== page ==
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to shape up
More than halfway through the earnings season, corporate results so far haven’t convinced investors that profits will rebound from what’s shaping up to be a fourth straight quarterly decline
thanks in large measure to cost cuts
. Better-than-forecast results from banks, thanks in large measure to cost cuts, helped send the S&P 500 to a four-month high before disappointing reports from tech heavyweights
Thanks to sth
there’s still a lack of conviction in the market
We can hold the strength we’re seeing, but there’s still a lack of conviction in the market
Lure New Users
Surplus Singapore Air A380s Set for Paint Shop to Lure New Users
lure (n) (v) persuade sb to do sth by offering them sth exciting.
Dr. Peters Fund KG of Germany are preparing for their possible refurbishment, reserving time in paint shops and exploring the availability of hundreds of replacement seats
Dr. Peters had said the carrier would likely exercise an option to keep the five aircraft for two further years, even though it has five more new planes due.
emblematic (a) of sth
representing a particular person, group, or idea:
A sword is emblematic of power gained by violence.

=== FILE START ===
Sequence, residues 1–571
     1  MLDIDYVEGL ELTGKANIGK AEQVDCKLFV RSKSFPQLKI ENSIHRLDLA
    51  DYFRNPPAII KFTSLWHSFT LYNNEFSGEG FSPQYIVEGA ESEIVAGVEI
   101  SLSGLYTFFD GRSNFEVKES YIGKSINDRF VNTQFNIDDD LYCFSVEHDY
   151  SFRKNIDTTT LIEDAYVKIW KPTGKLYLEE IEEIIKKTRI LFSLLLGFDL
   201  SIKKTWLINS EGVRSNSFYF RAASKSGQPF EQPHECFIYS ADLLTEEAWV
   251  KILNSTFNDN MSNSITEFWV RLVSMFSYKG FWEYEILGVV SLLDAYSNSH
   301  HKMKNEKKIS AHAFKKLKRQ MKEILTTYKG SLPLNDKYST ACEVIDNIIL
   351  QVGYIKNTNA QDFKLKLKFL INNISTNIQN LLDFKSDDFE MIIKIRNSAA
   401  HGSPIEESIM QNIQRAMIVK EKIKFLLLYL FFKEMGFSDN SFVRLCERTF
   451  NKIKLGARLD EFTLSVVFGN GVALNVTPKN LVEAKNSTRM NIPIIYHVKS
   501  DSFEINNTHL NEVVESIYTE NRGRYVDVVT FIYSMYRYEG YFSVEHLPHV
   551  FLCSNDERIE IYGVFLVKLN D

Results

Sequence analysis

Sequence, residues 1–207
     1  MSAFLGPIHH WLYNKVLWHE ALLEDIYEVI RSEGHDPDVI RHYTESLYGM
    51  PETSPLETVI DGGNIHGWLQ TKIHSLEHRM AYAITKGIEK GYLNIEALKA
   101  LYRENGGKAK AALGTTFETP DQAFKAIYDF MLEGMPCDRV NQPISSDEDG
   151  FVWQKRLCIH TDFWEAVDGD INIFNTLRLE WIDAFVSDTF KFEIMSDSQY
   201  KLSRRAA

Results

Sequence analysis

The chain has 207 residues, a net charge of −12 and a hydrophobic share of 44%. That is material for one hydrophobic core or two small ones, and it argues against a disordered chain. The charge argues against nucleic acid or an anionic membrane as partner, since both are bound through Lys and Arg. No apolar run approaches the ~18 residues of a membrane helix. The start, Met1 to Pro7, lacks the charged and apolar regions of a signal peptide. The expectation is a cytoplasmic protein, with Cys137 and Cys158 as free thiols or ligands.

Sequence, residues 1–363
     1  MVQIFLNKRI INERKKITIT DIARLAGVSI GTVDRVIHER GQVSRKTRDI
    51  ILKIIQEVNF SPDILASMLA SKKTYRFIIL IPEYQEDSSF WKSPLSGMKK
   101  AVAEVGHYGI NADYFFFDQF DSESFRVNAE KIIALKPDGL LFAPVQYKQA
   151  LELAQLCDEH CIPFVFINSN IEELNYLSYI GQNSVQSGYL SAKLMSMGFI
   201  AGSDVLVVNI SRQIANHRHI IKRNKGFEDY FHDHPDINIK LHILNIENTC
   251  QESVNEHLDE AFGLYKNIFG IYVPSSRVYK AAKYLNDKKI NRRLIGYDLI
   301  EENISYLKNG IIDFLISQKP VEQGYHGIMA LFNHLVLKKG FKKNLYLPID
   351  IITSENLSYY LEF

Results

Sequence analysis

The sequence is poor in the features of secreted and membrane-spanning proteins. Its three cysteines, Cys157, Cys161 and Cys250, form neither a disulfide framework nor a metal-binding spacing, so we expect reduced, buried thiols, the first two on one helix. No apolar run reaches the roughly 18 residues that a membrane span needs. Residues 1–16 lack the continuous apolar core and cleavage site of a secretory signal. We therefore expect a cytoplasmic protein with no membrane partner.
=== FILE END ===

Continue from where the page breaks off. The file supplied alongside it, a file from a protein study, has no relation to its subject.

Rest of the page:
to turn out
to be known or discovered finally and surprisingly:
[+ to infinitive] The truth turned out to be stranger than we had expected.[+ that] It turns out that she had known him when they werechildren.
Unfortunately, that promise turned out to be a mirage for many companies.
, such as air transportation, power generation, high-speed rail, information technology, and now possibly electric automobiles
Proprietary technology is the most valuable asset owned by many multinationals. So China truly offered a lose-lose choice for these companies
to miss out
to fail to use an opportunity to enjoy or get anadvantage from something:Don't miss out on the fantastic bargains in our summer sale.We didn't have a TV at home when I was young, and I felt as though I missed out.